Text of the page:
REMOTE INDIGENOUS BROADCASTING SERVICES
Essentially small community radio and television stations, Remote Indigenous Broadcasting Services (RIBS) are media production units servicing around 160 remote Indigenous communities across Australia of more than 100 people. They have the capacity to re-broadcast incoming satellite programming and switch this off when desired, to produce their own locally made radio or video programs. Until the demise of Indigenous Community Television to make way for the new National Indigenous Television (NITV) service in 2007, RIBS communities produced around 300 hours of original television programming annually, often in Indigenous languages.
The term ‘RIBS’ emerged around the time of a 2005 review of the federal government’s Indigenous Broadcasting Program, and reflected a shift in emphasis in the funding regime to primarily supporting Indigenous radio production with peripheral attention to video. The review also recognised that many Indigenous communities producing radio (and video) were grouped in regions according to cultural and linguistic criteria. This move coincided with a federal government allocation of $48.5 million over four years for Indigenous television program production, although the bulk of in this was earmarked for NITV.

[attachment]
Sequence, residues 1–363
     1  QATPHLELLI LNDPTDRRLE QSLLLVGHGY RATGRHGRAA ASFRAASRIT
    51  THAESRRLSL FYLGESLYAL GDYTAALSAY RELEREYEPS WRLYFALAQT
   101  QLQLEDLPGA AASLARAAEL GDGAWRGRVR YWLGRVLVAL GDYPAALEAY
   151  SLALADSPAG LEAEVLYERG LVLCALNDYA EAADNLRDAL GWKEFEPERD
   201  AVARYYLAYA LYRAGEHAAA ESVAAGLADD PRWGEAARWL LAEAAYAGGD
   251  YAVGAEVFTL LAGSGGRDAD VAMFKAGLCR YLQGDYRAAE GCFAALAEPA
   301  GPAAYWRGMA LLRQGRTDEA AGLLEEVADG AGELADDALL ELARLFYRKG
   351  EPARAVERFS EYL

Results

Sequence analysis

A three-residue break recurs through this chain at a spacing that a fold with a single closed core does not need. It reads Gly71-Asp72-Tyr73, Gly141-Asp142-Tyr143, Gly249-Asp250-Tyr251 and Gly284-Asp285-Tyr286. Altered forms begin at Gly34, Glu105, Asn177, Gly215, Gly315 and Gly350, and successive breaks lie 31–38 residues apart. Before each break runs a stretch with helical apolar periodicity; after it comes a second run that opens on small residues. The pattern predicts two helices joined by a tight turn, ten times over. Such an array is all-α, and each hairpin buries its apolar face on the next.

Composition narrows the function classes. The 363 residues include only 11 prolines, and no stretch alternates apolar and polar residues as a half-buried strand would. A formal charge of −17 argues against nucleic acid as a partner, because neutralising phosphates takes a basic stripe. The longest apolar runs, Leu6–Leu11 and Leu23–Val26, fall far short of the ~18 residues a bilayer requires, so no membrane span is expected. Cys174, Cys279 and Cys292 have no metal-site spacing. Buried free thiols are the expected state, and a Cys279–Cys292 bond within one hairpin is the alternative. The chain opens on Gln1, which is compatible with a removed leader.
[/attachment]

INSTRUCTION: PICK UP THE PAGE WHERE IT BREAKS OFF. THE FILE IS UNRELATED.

The RIBS network replaced its predecessor, the Broadcasting for Remote Aboriginal Communities Scheme (BRACS), established in 1984. Most stations are associated with a Remote Indigenous Media Organisation (RIMO). The following seven key RIMOs have been producing Indigenous radio and television programming for some years: Pilbara and Kimberley Aboriginal Media (PAKAM); Top End Aboriginal Bush Broadcasting Association (TEABBA); Warlpiri Media Association (now expanded into PAW—Pintubi Amatyerre Warlpiri); Central Australian Aboriginal Media Association (CAAMA); Far North Queensland (also termed by some as QRAM—Queensland Remote Aboriginal Media); Ngaanyatjarra Media (NG Media); and Pitjantjatjara Yankunytjatjara Media (PY Media).
The RIBS communities are represented by the Indigenous Remote Communications Association, although they also fall under the umbrella of the Australian Indigenous Communications Association.
REFs: S. Forde, K. Foxwell and M. Meadows, Developing Dialogues (2009); M. Meadows and H. Molnar, ‘Bridging the Gaps: Towards a History of Indigenous Media in Australia’, Media History, 8(1) (2002).